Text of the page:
This is a rare opportunity where we already have the infrastructure and capabilities in place to prevent further harm. The solution to this threat is simple – keep a barrier closed that is already closed. Only one lock out of 11 over the 60 or so miles of the canal needs to remain closed to prevent a round goby infestation. Across the country, lock closures are commonplace for a variety of reasons, and in this case, the reason to close a single Champlain Canal lock is clear and urgent.

Re-opening all canal locks this summer would open a direct path for round goby to enter Lake Champlain. The Nature Conservancy, along with several local governments, businesses, and organizations are calling on Governor Hochul to prevent this devastation by temporarily keeping one lock closed in the Champlain Canal until a permanent invasive species barrier is developed, which the Army Corps of Engineers is doing now. We ask all who enjoy Lake Champlain and its beauty, recreation, and economic benefits to join us.

Peg Olsen is The Nature Conservancy’s Adirondack Director.



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The Adirondack Almanack publishes occasional guest essays from Adirondack residents, visitors, and those with an interest in the Adirondack Park. Submissions should be directed to Almanack editor Melissa Hart at

5 Responses

  1. Mike Vickers says:

    I’m curious on what the possible solutions to this would be. It seems keeping the canal closed permanently would be the only way to prevent the entry of the gobies.

    I’m not fully versed on the impacts in the Great Lakes, but I’ve heard that the gobies have actually improved the bass fishing on Lake Erie. I’m not sure if that’s true, but the word is the fish are fattening up on them.

    • JT says:

      Gobies are plentiful in the St. Lawrence River. I have heard that they are fattening up the bass which is good for the bass fishing tournaments, however, I have read they are a problem for the muskies and populations are on the decline. Bass guard their nests keeping the predator gobies from eating their eggs, whereas, muskies do not and the gobies are feasting on the muskie eggs. Also read that the gobies carry a virus called viral hemorrhagic septicemia that is killing a large number of adult muskies.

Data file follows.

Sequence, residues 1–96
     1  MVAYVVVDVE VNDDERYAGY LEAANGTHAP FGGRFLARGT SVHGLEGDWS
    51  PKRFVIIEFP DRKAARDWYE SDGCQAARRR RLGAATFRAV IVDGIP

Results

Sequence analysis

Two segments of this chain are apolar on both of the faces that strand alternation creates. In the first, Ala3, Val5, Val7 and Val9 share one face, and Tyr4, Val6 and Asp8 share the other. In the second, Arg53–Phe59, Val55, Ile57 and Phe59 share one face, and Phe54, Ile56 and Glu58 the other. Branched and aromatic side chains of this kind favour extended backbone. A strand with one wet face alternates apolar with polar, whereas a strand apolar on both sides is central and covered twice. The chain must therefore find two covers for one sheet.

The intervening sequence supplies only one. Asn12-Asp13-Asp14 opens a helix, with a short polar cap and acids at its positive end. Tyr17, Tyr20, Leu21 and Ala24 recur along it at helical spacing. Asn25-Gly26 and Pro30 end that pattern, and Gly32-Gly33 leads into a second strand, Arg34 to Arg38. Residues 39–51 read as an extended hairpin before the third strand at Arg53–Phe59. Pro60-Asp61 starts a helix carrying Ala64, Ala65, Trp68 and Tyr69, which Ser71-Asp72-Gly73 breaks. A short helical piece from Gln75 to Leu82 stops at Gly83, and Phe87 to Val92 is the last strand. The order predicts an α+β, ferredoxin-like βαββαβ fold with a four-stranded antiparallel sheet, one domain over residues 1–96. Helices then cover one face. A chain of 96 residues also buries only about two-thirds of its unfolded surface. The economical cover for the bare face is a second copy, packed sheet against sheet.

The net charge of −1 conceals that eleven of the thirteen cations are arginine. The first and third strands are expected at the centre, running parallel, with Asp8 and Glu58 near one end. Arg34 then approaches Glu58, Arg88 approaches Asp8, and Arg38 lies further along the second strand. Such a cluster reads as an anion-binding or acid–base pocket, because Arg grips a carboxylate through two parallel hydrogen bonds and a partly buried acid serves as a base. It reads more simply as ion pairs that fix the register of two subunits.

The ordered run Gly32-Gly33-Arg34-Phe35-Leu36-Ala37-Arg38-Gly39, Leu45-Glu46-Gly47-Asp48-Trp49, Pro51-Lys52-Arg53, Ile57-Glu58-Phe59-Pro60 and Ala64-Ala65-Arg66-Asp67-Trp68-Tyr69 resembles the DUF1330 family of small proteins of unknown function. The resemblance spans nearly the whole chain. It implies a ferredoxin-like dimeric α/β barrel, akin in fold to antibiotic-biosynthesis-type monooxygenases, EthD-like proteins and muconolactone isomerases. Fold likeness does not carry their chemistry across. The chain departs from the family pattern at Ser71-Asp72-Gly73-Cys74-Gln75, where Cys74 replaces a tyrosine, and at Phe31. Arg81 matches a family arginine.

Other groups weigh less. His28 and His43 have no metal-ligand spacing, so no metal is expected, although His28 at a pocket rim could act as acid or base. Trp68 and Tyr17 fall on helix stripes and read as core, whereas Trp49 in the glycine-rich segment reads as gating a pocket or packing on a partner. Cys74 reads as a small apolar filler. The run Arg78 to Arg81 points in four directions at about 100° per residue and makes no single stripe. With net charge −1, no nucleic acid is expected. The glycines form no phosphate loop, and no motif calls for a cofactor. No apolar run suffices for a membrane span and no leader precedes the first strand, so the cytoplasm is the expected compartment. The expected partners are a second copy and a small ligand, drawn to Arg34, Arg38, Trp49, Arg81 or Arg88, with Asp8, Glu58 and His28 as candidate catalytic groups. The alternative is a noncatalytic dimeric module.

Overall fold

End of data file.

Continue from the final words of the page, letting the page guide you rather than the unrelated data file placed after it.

2. Phil Fitzpatrick says:

    Thank you, Peg. This alarm bell needed ringing.

  3. Gene Porter says:

    With all due respect Peg, I am not aware of ANY definitive proof that any invasives have migrated upstream into Lake Champlain via either the strongly flowing Richelieu River or the Champlain Canal that flows weakly southward from the feeder canal. It is much more logical to conclude that the invasives have arrived via boat bilges and bait buckets.
    Gene Porter

  4. Zephyr says:

    Blocking the Champlain Canal by closing one lock would prevent larger pleasure boats from transiting the canal, and some of them can’t be easily or economically transported overland by truck. I have personally moved a larger boat through the canal from Lake Champlain to the Hudson and it would have not been possible to do so by truck–too wide. To move something like a 35-foot sailboat by truck (if it isn’t too high or wide) can cost many thousands of dollars. Closing the canal would be a big hit to businesses catering to larger boats, like marinas and such. I suspect there would be huge pushback from those businesses.